Home » Journal issues » Vol. 5 No. 2 (2023)

Vol. 5 No. 2 (2023)

Journal of Romanian Studies, 5, No. 2 (2023)

Editors: Svetlana Suveica, Jill Massino, Iemima Ploscariu

Guest Editors: Iuliana Cindrea-Nagy, Roland Clark

Contents

Introduction

Iuliana Cindrea-Nagy, Roland Clark

(pp. 123-130)

Articles:

Constantin Bărbulescu and Roland Clark

The Ignored Peasants of Romanian Ethnology: Ovid Densusianu, Henri H. Stahl, and the Recalibration of Research on Rural Romania

 (pp. 131-154)

The present study attempts to capture and explain a somewhat paradoxical theme: the way in which the national ethnology of the nineteenth century “ignored” the peasant world. Why did a science dedicated to the peasant world ignore the “voices” of peasants for a long period of time? Throughout the nineteenth century the ethnologist’s agenda did not overlap at all with that of the peasant in front of him: the urban researcher was interested in folk literature, music, dance, and dress, while the peasant wanted to talk about rural poverty and its causes. The ethnologist was engaged in building the national, while the peasant spoke about the social. Their discourses simply did not intersect. Changes did begin to happen at the beginning of the twentieth century: peasants began not only to be asked but were also listened to. Ovid Densusianu was responsible for this paradigm shift, redefining folklore during the first decade of the century. He was followed by the sociological monographic school, represented here by the work of Henri H. Stahl.

George Andrei

“I Am a Poor Man with a Family”: Rangers, Social Welfare, and Monitor Networks in the Forests of Interwar Zlatna, Romania

(pp. 155-180) 

In the interwar period, forestry emerged as a powerful tool through which state institutions attempted to shape social and natural environments in rural Romania. This article evaluates how criminality, poverty, surveillance, exploitation, and labor intersected in Romania’s forests through the figure of the forest ranger, responsible for a range of tasks from managing forest ecology to serving as the state’s representative in the woodlands. Using a microhistorical approach, the article recounts the story of a Zlatna ranger investigated for theft in the late 1920s. His story and the individuals involved offer important insight into the asymmetrical power relations and local social factors that negotiated the forests’ legibility. Rangers served as part crucial asset, part embarrassing liability, existing in a liminal space between the state and local society. Through local forestry agents, their informal networks, and the “involuntary monitors” these invariably created, state forestry officials had valuable points of contact with rural society. This article demonstrates the value of rural perspectives in historical studies, challenging prevailing notions that conceptualize rural people as simple, irrelevant, or singlemindedly opposed to the encroachment of the modern state.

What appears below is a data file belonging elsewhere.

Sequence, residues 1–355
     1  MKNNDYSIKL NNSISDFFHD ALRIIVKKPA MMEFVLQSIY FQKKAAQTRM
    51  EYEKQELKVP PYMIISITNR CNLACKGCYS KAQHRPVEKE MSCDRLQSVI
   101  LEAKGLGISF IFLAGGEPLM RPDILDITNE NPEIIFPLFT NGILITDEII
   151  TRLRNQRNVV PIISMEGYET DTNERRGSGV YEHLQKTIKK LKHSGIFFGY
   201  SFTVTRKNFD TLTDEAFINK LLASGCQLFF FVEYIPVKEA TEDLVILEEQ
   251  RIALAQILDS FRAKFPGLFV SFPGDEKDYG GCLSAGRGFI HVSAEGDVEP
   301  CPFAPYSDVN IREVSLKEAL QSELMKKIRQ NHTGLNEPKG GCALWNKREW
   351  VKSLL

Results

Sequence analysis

Philippe Henri Blasen

Rural Residents on King Carol’s New Regime: Voices on the “Royal Dictatorship” from Mihăileni, Northern Moldavia (1938)

(pp.181–203)

The paper discusses the social, political, and economic situation in the northern Moldavian small town of Mihăileni, based on interviews recorded by the local police. This extraordinary source provides a unique insight into a variety of local opinions and the daily life of rural residents during 1938, the year when Carol II established a new regime, the so-called “royal dictatorship,” and when Romania suffered from the impact of the Czechoslovak crisis. The locals’ statements suggest that they embraced the new regime and that they approved of the new 1938 Constitution. However, they also reveal disgruntlement over the authorities’ inadequate action regarding the difficult economic situation, and expose the hardships which the peasants, related professionals, and poor people endured.

Adriana Cupcea

Practicing Islam among a Double Minority in Dobruja (Romania): The Turkish Muslim Roma in Medgidia (Mecidiye)

(pp.205–219)

The aim of this article is to explore religiosity in an urban Turkish Muslim Roma community from the Dobruja region of Romania. The article is based on fieldwork research consisting of semi-structured interviews, life histories, and participant observation in the post-socialist town of Medgidia. The research is an emic study which seeks to describe the representations of Turkish Muslim Roma in Medgidia and the way they understand, negotiate, and practice Islam. I draw on Arolda Elbasani and Olivier Roy’s definition of religiosity as the way an individual believer experiences his or her relationship to religion and faith. Considering Islam an essentially emotional category, I investigate what Turkish Muslim Roma in Medgidia feel it means to be Muslims, the dynamics of their agencies within their environment, and the emotional elements of their personal narratives. I observe how they perform identity to maintain a certain coherence between their autobiographical selves and the environment in which they live.

Source Translation: 

R. Chris Davis

“We Are True Romanians”: Letters to Romanian Authorities from Roman Catholic Communities in Rural Moldavia (aka Csangos), 1940–1945

(pp.221–230)

Book Reviews  

(pp. 231–241)

Irina Marin

Dennis Deletant, In Search of Romania. A Memoir. London: Hurst, 2022. 318 pp.

Ioana Luca

Valentina Glajar. The Secret Police Dossier of Herta Müller: A “File Story” of Cold War Surveillance.  Rochester: Camden House, 2023. 294 pp.

Florin Anghel

Andrei Ursu, Roland O. Thomasson, în colaborare cu Mădălin Hodor. Trăgători și mistificatori. Contrarevoluția Securității în decembrie 1989 Iași: Editura Polirom, 2019. 423 pp.

Dana S. Trif

Noțiuni de drept internațional maritim și fluvial (1915)Ediție îngrijită de Adrian-Bogdan Ceobanu și Constantin Ardeleanu. București: Editura Militară, 2022. 201 pp.